Pablo Miguel Martínez. Photo via LinkedIn.
Pablo Miguel Martínez. Photo via LinkedIn.

Pablo Miguel Martínez is an award-winning poet whose poetry and prose have been published in the North American Review, San Antonio Express-News, Texas Poetry Review, and many other publications and periodicals.

His first book of poetry, Brazos, Carry Me, received the 2013 PEN Southwest Book Award for Poetry. His chapbook, Cuent@ (Finishing Line Press), was published in 2015. Martínez’s literary work has received support from the Alfredo Cisneros Del Moral Foundation and the Artist Foundation of San Antonio. He is also a co-founder of CantoMundo, a national retreat-workshop for Latina/o poets.

In addition to his writing and work in the nonprofit sector, Martínez has taught English and creative writing at San Antonio’s own Our Lady of the Lake University, Houston’s Lone Star College, and the University of Louisville. His work often revolves around lives that don’t fit the standard mold of the society they’re living in, including Latinx and LGBTQIA characters. Martínez was the keynote speaker at Gemini Ink’s second annual Writers Conference on “Writing for Change,” which took place in July.

His thought-provoking speech, titled “Change is As Change Does: The Macro and The Micro of It,” kicked off the conference’s Saturday programming. A San Antonio native and influential figure in the Texas and national literary landscape, Martínez recently sat down with Gemini Ink’s Zachary Durham to answer questions about his writing process and sources of inspiration.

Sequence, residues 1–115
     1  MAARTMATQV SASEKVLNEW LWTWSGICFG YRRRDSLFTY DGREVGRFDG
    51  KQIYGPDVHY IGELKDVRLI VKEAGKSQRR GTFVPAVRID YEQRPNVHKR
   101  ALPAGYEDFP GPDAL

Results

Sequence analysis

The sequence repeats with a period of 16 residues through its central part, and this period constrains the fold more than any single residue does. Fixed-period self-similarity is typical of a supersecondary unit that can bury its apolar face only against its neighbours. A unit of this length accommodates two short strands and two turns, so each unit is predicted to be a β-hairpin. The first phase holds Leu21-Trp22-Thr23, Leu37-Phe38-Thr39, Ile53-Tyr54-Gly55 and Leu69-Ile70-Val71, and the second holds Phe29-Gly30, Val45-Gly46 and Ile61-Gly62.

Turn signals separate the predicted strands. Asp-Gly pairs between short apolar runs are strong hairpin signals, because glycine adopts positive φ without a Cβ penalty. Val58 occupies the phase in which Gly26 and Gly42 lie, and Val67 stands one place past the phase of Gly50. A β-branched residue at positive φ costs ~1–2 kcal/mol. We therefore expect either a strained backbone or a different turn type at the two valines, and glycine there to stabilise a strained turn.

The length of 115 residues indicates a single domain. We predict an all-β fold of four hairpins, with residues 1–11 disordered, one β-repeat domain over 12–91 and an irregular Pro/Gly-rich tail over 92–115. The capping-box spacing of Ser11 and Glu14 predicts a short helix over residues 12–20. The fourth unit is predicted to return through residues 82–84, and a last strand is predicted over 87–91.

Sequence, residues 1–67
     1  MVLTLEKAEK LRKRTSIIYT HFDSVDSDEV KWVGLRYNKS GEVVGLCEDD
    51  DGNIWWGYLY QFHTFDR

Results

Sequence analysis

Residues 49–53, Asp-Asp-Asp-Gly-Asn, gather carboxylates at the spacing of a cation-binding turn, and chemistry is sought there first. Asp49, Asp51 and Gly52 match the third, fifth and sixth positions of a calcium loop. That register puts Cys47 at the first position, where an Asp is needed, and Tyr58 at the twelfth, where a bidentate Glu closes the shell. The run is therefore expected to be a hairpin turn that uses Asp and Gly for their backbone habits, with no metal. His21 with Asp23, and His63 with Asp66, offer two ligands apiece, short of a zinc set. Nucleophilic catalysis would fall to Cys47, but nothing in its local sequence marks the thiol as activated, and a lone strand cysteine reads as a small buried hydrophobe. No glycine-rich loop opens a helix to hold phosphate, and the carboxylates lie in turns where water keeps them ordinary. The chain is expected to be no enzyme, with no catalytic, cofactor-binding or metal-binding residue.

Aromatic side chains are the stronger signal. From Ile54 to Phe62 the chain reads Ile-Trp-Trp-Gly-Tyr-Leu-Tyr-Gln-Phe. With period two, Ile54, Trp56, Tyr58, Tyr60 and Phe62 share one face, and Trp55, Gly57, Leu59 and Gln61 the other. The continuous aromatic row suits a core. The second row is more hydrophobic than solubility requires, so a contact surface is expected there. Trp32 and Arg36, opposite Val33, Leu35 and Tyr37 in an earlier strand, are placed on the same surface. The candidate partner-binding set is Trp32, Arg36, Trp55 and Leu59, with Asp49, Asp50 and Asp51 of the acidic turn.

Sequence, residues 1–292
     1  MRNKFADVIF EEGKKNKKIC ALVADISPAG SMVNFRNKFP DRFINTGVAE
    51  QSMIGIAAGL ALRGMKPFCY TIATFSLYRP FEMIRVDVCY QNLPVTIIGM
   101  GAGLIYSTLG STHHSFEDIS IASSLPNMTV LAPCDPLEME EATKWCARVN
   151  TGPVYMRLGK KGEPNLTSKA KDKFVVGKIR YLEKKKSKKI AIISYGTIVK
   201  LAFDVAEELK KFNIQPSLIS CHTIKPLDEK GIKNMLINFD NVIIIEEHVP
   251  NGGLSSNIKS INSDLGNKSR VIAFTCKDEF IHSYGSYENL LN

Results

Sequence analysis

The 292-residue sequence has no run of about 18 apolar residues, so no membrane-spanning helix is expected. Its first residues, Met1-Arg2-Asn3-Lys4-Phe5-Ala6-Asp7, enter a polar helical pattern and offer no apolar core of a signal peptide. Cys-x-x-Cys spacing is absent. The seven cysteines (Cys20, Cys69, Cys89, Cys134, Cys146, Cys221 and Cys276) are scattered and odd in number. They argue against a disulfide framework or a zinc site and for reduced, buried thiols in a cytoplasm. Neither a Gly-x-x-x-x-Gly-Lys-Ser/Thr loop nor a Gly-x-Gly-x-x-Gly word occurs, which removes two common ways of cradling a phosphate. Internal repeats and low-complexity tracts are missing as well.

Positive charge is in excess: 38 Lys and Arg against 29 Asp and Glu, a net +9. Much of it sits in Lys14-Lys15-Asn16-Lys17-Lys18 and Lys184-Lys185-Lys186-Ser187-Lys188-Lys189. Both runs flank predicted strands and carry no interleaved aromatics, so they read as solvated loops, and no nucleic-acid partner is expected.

Gemini Ink: When and why did you start writing poetry? Did you grow up around it?

Pablo Miguel Martínez: I came to poetry – or vice versa – rather late. I read it casually during my undergrad years, but it never spoke to me in the way it does now. I wasn’t ready to receive its messages, I suppose. As it turns out, that required a lot more living than I was able to bring to the experience of poetry back in those more supple years. I didn’t grow up with it – there were only a very few books in the working class household that nurtured me. But my sister and I were exposed to various registers of language, both Spanish and English, in that loving, but often difficult house. The agility that required has served me well; I’m profoundly grateful for it.

I returned to complete my MFA as a “non-traditional student,” which means I was considerably older than most of the other students in my cohort at Texas State University. Thanks to the wonderful, generous, and supremely gifted faculty with whom I had the privilege of working, I strengthened my relationship with poetry, to the extent that these days, when I write prose, I feel as if I’m cheating on a lover.